XPERION ELEASE ControlNet Installation Guide EPDOC-XX25-en-515A November 2019...
Honeywell International Sàrl. While this information is presented in good faith and believed to be accurate, Honeywell disclaims the implied warranties of merchantability and fitness for a purpose and makes no express warranties except as may be stated in its written agreement with and for its customer.
Contents Chapter 1 - About This Document 1.1 Revision History Chapter 2 - System Cabling and Wiring Installation 2.1 Experion system cabling and wiring 2.1.1 LAN (TCP/IP - Ethernet) 2.1.2 ControlNet Network 2.1.3 Field Wiring 2.1.4 Power and ground 2.2 Before You Begin 2.2.1 Planning 2.2.2 Obtain Documentation 2.2.3 General Installation Checklist...
4.3.1 Mounting dimensions for repeaters 4.3.2 Mounting your repeater 4.3.3 Grounding your repeater 4.3.4 Connecting ControlNet cables to your repeater 4.3.5 Connecting power and relay circuitry Chapter 5 - Building ControlNet Trunk Cables 5.1 Preparing to Build ControlNet Trunk Cabling 5.1.1 Materials needed 5.1.2 Tools needed 5.1.3 Bulk cable testing...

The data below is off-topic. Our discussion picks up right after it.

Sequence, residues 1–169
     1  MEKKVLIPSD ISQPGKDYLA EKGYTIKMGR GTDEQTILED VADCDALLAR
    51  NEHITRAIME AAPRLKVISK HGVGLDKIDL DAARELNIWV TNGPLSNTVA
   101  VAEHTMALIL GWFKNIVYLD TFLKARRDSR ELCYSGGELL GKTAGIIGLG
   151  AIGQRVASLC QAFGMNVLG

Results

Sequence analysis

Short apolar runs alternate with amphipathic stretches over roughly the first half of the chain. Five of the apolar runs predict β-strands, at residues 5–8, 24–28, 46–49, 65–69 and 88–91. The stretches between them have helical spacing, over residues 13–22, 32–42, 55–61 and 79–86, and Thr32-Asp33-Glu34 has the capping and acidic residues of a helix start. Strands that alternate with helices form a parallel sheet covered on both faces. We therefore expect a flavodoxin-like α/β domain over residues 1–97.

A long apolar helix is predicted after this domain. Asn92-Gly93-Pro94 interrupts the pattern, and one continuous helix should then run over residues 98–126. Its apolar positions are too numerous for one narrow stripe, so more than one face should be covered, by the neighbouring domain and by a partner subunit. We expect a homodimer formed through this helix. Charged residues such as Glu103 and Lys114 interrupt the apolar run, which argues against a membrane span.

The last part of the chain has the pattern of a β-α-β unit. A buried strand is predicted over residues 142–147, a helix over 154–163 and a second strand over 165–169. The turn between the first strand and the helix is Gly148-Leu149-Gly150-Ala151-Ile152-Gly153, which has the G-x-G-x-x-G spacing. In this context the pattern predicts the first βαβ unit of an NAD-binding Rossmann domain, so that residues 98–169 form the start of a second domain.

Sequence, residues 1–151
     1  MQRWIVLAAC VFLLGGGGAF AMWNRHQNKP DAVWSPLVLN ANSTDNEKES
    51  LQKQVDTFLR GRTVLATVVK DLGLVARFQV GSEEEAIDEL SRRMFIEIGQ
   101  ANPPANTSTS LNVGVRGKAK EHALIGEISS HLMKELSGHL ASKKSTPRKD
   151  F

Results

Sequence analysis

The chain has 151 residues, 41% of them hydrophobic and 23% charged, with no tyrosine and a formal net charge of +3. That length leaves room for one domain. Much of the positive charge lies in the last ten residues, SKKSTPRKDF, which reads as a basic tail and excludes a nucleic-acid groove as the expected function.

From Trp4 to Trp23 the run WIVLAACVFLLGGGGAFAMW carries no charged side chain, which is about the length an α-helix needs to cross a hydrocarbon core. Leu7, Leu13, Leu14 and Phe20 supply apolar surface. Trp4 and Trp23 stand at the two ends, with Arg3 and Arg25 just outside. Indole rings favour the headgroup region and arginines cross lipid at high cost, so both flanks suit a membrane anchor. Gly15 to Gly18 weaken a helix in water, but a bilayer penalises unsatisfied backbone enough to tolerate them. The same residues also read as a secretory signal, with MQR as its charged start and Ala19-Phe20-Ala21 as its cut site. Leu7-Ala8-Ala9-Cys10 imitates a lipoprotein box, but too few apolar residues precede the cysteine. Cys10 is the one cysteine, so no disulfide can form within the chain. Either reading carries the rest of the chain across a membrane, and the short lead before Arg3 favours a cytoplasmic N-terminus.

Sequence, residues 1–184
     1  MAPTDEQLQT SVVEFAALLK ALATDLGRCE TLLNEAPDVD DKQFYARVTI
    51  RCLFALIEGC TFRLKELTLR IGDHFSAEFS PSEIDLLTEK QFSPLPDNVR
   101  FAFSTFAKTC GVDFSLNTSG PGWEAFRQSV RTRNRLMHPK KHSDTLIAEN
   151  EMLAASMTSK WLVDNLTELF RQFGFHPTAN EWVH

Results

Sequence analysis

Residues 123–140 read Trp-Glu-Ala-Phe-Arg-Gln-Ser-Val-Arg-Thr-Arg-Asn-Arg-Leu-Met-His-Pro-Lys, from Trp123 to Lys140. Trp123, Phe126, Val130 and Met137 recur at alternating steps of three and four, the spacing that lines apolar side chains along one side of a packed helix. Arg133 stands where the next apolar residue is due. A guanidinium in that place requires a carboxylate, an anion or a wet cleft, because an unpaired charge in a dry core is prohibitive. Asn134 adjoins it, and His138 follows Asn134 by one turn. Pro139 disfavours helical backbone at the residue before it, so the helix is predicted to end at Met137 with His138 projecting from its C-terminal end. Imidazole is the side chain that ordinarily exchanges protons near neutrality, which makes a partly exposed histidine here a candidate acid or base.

7.3.3 Connecting ControlNet devices 7.3.4 Connecting to repeaters 7.3.5 Connecting to ControlNet Interface modules 7.3.6 Connecting to the Server ControlNet Interface module for the PC 7.3.7 Connecting Tap Dummy Loads Chapter 8 - Appendix A 8.1 CSA Hazardous Location Approval 8.1.1 CSA Certification 8.1.2 Temperature Ratings 8.1.3 Notices...
CHAPTER BOUT OCUMENT This document provides guidelines and procedures for installing ControlNet network components and making and testing ControlNet cables. Revision History Revision Date Description November 2019 Initial release of the document. - 6 -...
CHAPTER YSTEM ABLING AND IRING NSTALLATION Experion system cabling and wiring Before You Begin Experion system cabling and wiring Your Experion system's cable and wiring requirements can be broken down into four basic categories: Ethernet Plant Information Network (PIN), Supervisory ControlNet Network, I/O ControlNet Network, and Field Wiring, as illustrated in Figure1.
Chapter 2 - System Cabling and Wiring Installation Power and ground 2.1.1 LAN (TCP/IP - Ethernet) Your Experion system uses a local area network (LAN, see figure) for server-to-station and station-to- server communications. This network may also provide links to other higher order networks and communication systems.
Before installing any Experion cabling or wiring, obtain all available and pertinent documentation. This should include all documentation supplied by Honeywell, your site's engineering documentation, and that from any additional third party suppliers whose products are involved in this installation.